While the murder of the knights by Glory was the immediate cause of Buffy's catatonia, the original cause was being told death was her gift by the guide in Intervention. Her moment of weakness while reshelving the book is activated by these words. This is why we see Buffy reshelving the book again immediately after the scene by the fire. She realizes that for an instant she thought of Dawn's death as a gift to herself (despite her denial in Intervention of death ever being a gift). Not only has she broken her childhood vow, but she did so for personal gain - for her own pleasure. And the powers that be, exemplified by the guide, know it. Buffy's flight into herself is an attempt to hide from the shame she knows must come to her. She realizes everyone will soon know her cowardice, much worse than simple failure. She fears their condemnation. And that is something she has never had to face before.

In the room with the grave, Buffy says killing is what she does. And in Forever it was at her mother's grave that she confessed to Angel her sense of guilt and responsibility for Joyce's death. When she smothers Dawn she is acting out directly what she feels indirectly responsible for. In her catatonia, Buffy is giving in to her fears. She's trying to give up feeling guilty by pretending that she really is an emotionless killer - hence her bland response to Willow's pleas to stop smothering Dawn. If Buffy is just a machine, a meat slave as Glory would say, then killing isn't so bad. Like the Buffybot, she's just doing what she is programmed to do.

Willow counteracts this by forcing reality onto Buffy. She tells her she didn't kill Dawn, not literally or metaphorically. She forces Buffy to confront herself. She takes the killing Buffy into the moment of the reshelving. She gets Buffy to articulate her fears, to tell her in words what she has been symbolically communicating. When Buffy admits that for an instance she quit, it becomes possible for Willow to talk sense to her. The massiveness of her guilt (the grave, the murder of Dawn) is diminished into a small moment of weakness. A moment of humanity. She tells Buffy it is time to get back to the real world, to cope with what is happening and not wallow in her guilt. And she leaves, forcing Buffy to make a decision. Return to reality and possible failure with Willow, or stay in her safe realm of certain failure. Ultimately, it's an easy decision.

In a crisis, your real character comes through. And Spike's real character looks good. Rather than running away, and who could or would want to stop him, he's trying to help. He hot wires Ben's car. He tries to awaken Buffy. He tries to explain to them about Ben and Glory. He has the idea of going to see Doc. And he sees through Doc's pretense and seizes the box with the documents which explain, they think, Glory's weakness. With the exception of reviving Buffy, Spike pretty well does everything of significance in this episode. And he even manages to work with Xander.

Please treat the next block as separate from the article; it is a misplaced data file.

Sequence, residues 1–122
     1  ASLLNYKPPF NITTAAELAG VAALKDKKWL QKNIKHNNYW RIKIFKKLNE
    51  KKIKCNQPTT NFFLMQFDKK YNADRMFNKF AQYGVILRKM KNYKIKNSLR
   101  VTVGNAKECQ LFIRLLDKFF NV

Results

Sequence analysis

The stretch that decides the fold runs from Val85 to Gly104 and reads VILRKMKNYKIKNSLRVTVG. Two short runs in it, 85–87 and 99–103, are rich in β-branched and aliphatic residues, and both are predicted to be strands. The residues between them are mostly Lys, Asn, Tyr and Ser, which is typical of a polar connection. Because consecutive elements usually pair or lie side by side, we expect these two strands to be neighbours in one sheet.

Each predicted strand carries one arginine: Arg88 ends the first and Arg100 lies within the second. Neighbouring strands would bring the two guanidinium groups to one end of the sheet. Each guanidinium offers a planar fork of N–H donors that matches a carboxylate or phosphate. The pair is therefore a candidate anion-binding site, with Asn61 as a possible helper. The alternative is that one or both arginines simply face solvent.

It's interesting the way Willow steps into the power vacuum here. Everyone else who takes charge is unavailable. Giles is wounded and too weak to do anything. Buffy is catatonic. Tara, who usually exercises control over Willow if no one else, is brain sucked. Xander and Spike are both panicing. So Willow steps into the fray and takes charge. And everyone accepts it. Partly because they don't have a better idea, partly because she scares them, and mostly because after Buffy and Giles Willow really is the senior member of the gang. And in this episode she accepts the responsibility that conveys upon her. A responsibility she accepted in Tough Love for Tara and which she now realizes she has to accept for all of them.

Some quick final thoughts. The gang really ought to listen to Tara's babbling - it gives a lot of insight into what Glory is doing. Also, what are all those brainsucked guys building? If not being human means you can see through Glory's masquerade, then the fact Dawn could not remember Ben was Glory indicates she is completely human. Those monks do good work. How do the gang explain spear wounds and similar injuries to the people at the emergency room. I loved Spike lighting up right in front of the no smoking sign in the hospital. Did Doc really lose that fight with Spike and Xander or did he want them to get those scrolls? It looked a little suspicious to me.

Lines of the week:

"In torture, death, and chaos does my power lie." - Glory clarifying her political views.

"This body. It's just a rental, Dawnie." - Glory on being human.

"I'm not supposed to feel anything. I'm a god." - Glory on metaphysics.

"It's a big day for me." - Young Buffy on the day Dawn comes into her life.

"Can I take care of her." - Young Buffy taking the first step.

"It only hurts while I answer pointless questions." - Giles being abrasive.

"This is gonna be worth it." - Spike being humanly violent.

"Gods don't pay." - Glory with more metaphysics.

"How've you been?" - Willow trying to make small talk with the first slayer.

"I'm the original one eyed chicklet in the kingdom of the blind." - Glory on who's really crazy.

"You think only underworld bottom feeders worship the beast." - Doc revealing his loyalties.

"This was when I quit." - Buffy confessing.

Got a comment? Send me mail.

Go to more Buffy the Vampire Slayer reviews.
Go to other tv reviews.
Go to my home page and get links to everything.